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Pacific Gull (Larus pacificus) - Wiki latin dict size=105   common dict size=512
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Pacific Gull (Larus pacificus) - Wiki

Pacific Gull
From Wikipedia, the free encyclopedia

[Photo] Pacific Gull (Larus pacificus) - A juvenile pacific gull. Photo by

The Pacific Gull (Larus pacificus) is a very large gull, native to the coasts of Australia. It is moderately common between Carnarvon in the west, and Sydney in the east, although it has become scarce in some parts of the south-east, as a result of competition from the Kelp Gull, which has "self-introduced" since the 1940s.

Much larger than the ubiquitous Silver Gull, and nowhere near as common, Pacific Gulls are usually seen alone or in pairs, loafing around the shoreline, steadily patrolling high above the edge of the water, or (sometimes) zooming high on the breeze to drop a shellfish or sea urchin onto rocks.

Adult Pacific Gulls range from 58 to 66 cm in length, and are white, with dark wings and back, and a powerful, red-tipped yellow bill. Young birds are mottled-brown all over, and attain their adult plumage only gradually: by its fourth year, a young Pacific Gull has usually become difficult to tell apart from an adult bird.

There are two subspecies: the nominate eastern race prefers sheltered beaches, the western race georgii is commonly found even on exposed shores. Both subspecies nest in pairs or loose colonies on offshore islands, making a cup of grasses and sticks in an exposed position, and laying two or three mottled brown eggs.
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Pacific Gull
Scientific name: Larus pacificus
Family: Laridae
Order: Charadriiformes

Featured Bird Groups
Sea birds
What does it look like?
The Pacific Gull is a very large black-backed gull with a massive yellow bill, broadly tipped with scarlet. The upper wings and wingtips are wholly black with a narrow white inner trailing edge, the tail is white with a broad black band near the end. The legs are yellow to orange-yellow. Juvenile Pacific Gulls are mottled dark brown with pale face and the bill is pink with a black tip. The immatures have dark brown wings, whitish mottled body and a black-tipped yellow bill. There are two forms of the Pacific Gull: the eastern form (race pacificus) has a white eye and a complete red tip to the bill while the western form (race gergii) has a red eye and an incomplete red tip to the bill.

Similar species
The Pacific Gull can be confused with the Kelp Gull, Larus dominicanus, which has a much smaller bill, as well as being much smaller and less bulky.
Where does it live?
The Pacific Gull is endemic to southern Australia and occurs mostly on south and west coasts, Tasmania and infrequently on the east coast.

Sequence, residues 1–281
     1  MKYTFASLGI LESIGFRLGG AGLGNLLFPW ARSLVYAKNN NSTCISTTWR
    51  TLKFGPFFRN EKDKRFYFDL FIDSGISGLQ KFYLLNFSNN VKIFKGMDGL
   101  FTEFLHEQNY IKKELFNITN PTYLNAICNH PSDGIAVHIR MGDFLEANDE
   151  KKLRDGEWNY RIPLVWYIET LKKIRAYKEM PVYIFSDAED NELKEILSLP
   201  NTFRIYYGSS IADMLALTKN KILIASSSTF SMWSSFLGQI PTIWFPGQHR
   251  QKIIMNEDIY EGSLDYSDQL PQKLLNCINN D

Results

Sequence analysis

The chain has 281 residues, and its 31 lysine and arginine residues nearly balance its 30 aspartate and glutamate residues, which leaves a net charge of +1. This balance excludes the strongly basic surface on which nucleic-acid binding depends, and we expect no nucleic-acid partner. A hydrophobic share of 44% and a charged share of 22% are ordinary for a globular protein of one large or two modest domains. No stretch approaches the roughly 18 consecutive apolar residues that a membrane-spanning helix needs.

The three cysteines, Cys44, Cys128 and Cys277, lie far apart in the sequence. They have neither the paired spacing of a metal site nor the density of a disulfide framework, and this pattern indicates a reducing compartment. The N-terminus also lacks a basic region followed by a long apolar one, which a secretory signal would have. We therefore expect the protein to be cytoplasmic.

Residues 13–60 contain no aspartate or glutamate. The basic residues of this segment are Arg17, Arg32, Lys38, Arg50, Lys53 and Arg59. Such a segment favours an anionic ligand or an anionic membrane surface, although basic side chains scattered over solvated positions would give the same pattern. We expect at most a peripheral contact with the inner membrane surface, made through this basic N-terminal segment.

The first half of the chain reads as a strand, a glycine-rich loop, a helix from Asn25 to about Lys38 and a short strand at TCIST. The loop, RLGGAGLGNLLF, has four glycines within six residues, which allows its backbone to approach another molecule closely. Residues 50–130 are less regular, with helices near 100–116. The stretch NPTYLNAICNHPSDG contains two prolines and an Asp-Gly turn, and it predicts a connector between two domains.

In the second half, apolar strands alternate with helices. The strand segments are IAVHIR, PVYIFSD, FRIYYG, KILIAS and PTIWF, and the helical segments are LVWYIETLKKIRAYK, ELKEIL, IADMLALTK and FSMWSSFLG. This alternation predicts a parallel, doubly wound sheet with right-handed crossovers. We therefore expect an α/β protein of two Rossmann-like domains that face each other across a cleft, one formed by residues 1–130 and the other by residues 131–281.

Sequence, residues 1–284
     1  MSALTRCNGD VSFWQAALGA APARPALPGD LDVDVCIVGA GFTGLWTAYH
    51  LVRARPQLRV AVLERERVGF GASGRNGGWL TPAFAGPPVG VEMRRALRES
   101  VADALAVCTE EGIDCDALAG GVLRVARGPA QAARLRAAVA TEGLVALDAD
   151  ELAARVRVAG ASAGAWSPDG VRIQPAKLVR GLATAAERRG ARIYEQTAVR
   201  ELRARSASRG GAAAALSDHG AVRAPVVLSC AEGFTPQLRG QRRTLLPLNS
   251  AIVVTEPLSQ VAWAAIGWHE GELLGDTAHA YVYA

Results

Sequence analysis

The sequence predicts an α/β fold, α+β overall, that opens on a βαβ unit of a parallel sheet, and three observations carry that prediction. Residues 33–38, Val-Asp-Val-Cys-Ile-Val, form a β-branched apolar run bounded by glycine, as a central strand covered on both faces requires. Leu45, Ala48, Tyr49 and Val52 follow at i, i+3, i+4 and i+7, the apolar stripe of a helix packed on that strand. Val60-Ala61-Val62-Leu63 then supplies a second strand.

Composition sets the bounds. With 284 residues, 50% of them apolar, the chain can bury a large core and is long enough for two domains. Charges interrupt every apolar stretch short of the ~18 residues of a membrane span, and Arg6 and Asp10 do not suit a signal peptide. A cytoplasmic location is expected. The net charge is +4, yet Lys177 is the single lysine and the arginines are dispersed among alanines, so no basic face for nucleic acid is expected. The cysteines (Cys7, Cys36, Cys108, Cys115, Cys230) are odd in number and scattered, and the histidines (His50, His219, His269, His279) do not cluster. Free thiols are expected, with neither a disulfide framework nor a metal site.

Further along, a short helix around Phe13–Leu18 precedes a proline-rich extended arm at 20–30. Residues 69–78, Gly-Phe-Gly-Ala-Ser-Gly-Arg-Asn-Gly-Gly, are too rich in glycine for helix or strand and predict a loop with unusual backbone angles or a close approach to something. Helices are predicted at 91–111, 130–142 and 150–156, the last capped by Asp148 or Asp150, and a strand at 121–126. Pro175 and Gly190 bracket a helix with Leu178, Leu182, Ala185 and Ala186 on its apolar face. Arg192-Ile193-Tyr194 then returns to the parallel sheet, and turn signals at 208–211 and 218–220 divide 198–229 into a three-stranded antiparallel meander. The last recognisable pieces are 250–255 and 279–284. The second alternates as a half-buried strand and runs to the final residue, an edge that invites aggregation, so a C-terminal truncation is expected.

The Pacific Gull prefers sandy, or less often, rocky coasts and sandy beaches. In eastern Australia, the Pacific Gull prefers areas that are protected from ocean swells such as estuaries, bays and harbours. In Western Australia, it occurs occasionally in harbours but mostly on exposed coasts and offshore islands. It usually avoids human habitation but is occasionally seen on farmland and rubbish tips near the coast but rarely inland. It can be found roosting or loafing in elevated situations such as rocky headlands or on structures such as wharves and jetties.

Seasonal movements
The adult Pacific Gull is mainly sedentary while the young are dispersive.

What does it do?
The Pacific Gull forages along the coasts between the high-water mark and shallow water on sandy beaches, feeding mainly on molluscs, fish, birds and other marine animals.
The Pacific Gull breeds in scattered single pairs or small, loose colonies on high points on headlands or islands. Two types of nests are built: one a scrape or depression in the ground, either unlined or lined with small stones or gravel, the other is a neatly constructed shallow bowl made of sticks, grass, seaweed or feathers. Both sexes build the nest with the female doing most of the incubation while the male forages for food and stands guard near the nest.

Living with us
Living with humans
The Pacific Gull is easily disturbed by human activities at breeding sites and roosting areas, and have occasionally become entangled in fishing lines. However, they do scavenge on human refuse at rubbish tips, abattoirs, picnic areas and on fish scraps near wharves.
Pizzey, G. and Knight, F. 1997. Field Guide to the Birds of Australia. Angus and Robertson, Sydney.

Pringle, J.D. 1987. The Shorebirds of Australia. Angus and Robertson and the National Photographic Index of Australian Wildlife, Sydney.

Schodde, R. and Tideman, S.C. (eds) 1990. Reader's Digest Complete Book of Australian Birds (2nd Edition). Reader's Digest (Australia) Pty Ltd, Sydney.

Morcombe, M. 2000. Field guide to Australian Birds. Steve Parish Publishing.

Higgins, P.J. and S.J.J.F. Davies (eds) 1996. Handbook of Australian, New Zealand and Antarctic Birds, Volume 3 (Snipe to Pigeons). Oxford University Press, Victoria.
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